National Maternity Housing Coalition


  • NMHC - Aid for Women, Illinois
  • NMHC - Bethlehem House, Nebraska
  • NMHC - In My Shoes, Texas
  • NMHC - Maggie's Place, Arizona
  • NMHC - Our Lady's Inn, Missouri

Focus Areas

  • Health
  • Housing
  • Self-Sufficiency

“We’re looking at how we can help these women break what are often multi-generational cycles of poverty, and also, how we can impact our community at large and improve the social determinants of health.”

Valerie Humes, Director of the National Maternity Housing Coalition

The Issue

Each year, about 160,000 of new mothers in the U.S. were homeless at some time in their pregnancy. Babies born to women who struggled with housing insecurity during their pregnancy face an increased risk of premature birth or low birth weight, which, in turn, can lead to longer hospital stays, more intensive medical care, and more time in the NICU. Babies born early face more health complications and long-term developmental challenges. The trauma of housing insecurity can also have a long-term impact on a child’s understanding of the world and the way they process information.

The research is clear that a lack of stable housing for expecting mothers negatively impacts both women and children. However, less is known about what programs can help offset these risks. Maternity homes are an under-studied intervention that could improve outcomes for expecting mothers and their babies. These services seek to provide stable housing and comprehensive services that address both the immediate housing needs of pregnant women, as well as set the mother and child on a path towards long-term self-sufficiency.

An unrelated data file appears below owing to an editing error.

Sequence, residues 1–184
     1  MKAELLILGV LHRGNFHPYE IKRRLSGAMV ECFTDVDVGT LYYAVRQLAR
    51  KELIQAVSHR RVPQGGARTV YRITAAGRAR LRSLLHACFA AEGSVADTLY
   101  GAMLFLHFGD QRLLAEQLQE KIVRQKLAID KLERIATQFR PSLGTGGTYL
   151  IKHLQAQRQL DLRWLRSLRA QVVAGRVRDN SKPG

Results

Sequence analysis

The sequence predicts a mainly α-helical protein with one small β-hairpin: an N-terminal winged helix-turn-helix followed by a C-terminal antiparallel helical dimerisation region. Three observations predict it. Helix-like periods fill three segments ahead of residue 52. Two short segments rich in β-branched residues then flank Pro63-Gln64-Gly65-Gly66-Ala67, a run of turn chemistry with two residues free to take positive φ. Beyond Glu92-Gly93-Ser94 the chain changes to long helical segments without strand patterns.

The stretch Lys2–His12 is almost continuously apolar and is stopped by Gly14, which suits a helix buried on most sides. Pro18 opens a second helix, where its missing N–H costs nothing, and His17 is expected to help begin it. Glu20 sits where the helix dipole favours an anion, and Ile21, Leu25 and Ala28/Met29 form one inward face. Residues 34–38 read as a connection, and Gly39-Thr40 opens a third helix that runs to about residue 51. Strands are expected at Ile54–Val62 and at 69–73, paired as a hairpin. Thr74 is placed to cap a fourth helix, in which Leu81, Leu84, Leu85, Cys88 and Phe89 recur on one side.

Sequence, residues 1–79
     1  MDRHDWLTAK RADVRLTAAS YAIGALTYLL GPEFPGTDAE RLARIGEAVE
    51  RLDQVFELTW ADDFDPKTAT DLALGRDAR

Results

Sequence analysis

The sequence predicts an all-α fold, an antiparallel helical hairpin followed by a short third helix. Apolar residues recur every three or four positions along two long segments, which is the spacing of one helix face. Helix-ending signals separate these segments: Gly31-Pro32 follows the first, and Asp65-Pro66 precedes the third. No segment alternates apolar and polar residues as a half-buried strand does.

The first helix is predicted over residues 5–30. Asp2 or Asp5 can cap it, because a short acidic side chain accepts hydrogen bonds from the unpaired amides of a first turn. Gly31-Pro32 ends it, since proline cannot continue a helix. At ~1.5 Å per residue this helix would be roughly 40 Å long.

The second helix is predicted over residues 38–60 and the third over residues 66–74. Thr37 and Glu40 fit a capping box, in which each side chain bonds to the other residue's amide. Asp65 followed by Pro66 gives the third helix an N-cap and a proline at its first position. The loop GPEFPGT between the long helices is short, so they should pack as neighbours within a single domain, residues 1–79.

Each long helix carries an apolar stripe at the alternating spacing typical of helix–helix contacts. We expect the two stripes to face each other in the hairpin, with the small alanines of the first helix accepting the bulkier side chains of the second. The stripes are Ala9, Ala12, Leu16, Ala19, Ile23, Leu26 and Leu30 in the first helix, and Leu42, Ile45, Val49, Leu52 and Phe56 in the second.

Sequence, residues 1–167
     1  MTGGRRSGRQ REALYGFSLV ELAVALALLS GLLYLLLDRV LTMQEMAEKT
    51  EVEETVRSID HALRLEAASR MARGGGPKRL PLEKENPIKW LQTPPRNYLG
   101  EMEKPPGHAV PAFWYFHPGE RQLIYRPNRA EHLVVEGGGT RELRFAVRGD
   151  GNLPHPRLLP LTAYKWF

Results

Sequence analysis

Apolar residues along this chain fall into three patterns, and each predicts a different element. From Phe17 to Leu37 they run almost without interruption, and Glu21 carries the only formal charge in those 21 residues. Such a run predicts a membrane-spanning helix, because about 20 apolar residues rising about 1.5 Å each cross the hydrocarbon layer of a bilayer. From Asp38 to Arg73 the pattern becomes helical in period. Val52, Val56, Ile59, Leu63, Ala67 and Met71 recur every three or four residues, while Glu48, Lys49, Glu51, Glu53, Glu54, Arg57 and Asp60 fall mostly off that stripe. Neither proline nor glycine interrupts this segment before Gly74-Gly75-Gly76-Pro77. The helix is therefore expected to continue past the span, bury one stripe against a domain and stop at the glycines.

The Intervention

Maternity homes provide pre- and post-natal housing as well as critical services for homeless pregnant women and their children. These specific housing programs offer expecting mothers an alternative to abortion. For those who do not already have a community to rely upon, a maternity home can be the social support they need in order to welcome a child into the world. 

Maternity homes offer support and resources for more than just the pregnancy. They are prepared to help women simultaneously facing other challenges, including trauma and mental health struggles, abuse and addiction.

At the core of every service offered is a desire to promote the overall health of mothers and babies. The goal is that by the time women are leaving these nurturing environments, they are stably housed and have the skills they need to lead lives unlocking their fullest potential.

Hundreds of maternity homes exist across the United States, many belonging to the National Maternity Housing Coalition (NMHC), an umbrella organization that promotes excellence among providers and articulates a collective voice. Although each individual home offers a unique style when delivering services, their care structure remains deeply personalized to each resident and their particular obstacles. 

For this project, LEO is partnering with five maternity homes across the US which are a part of the NMHC. In these five homes, residents can stay and receive services for about a year after the delivery of their baby. Housing remains available even if the child is lost during pregnancy or birth.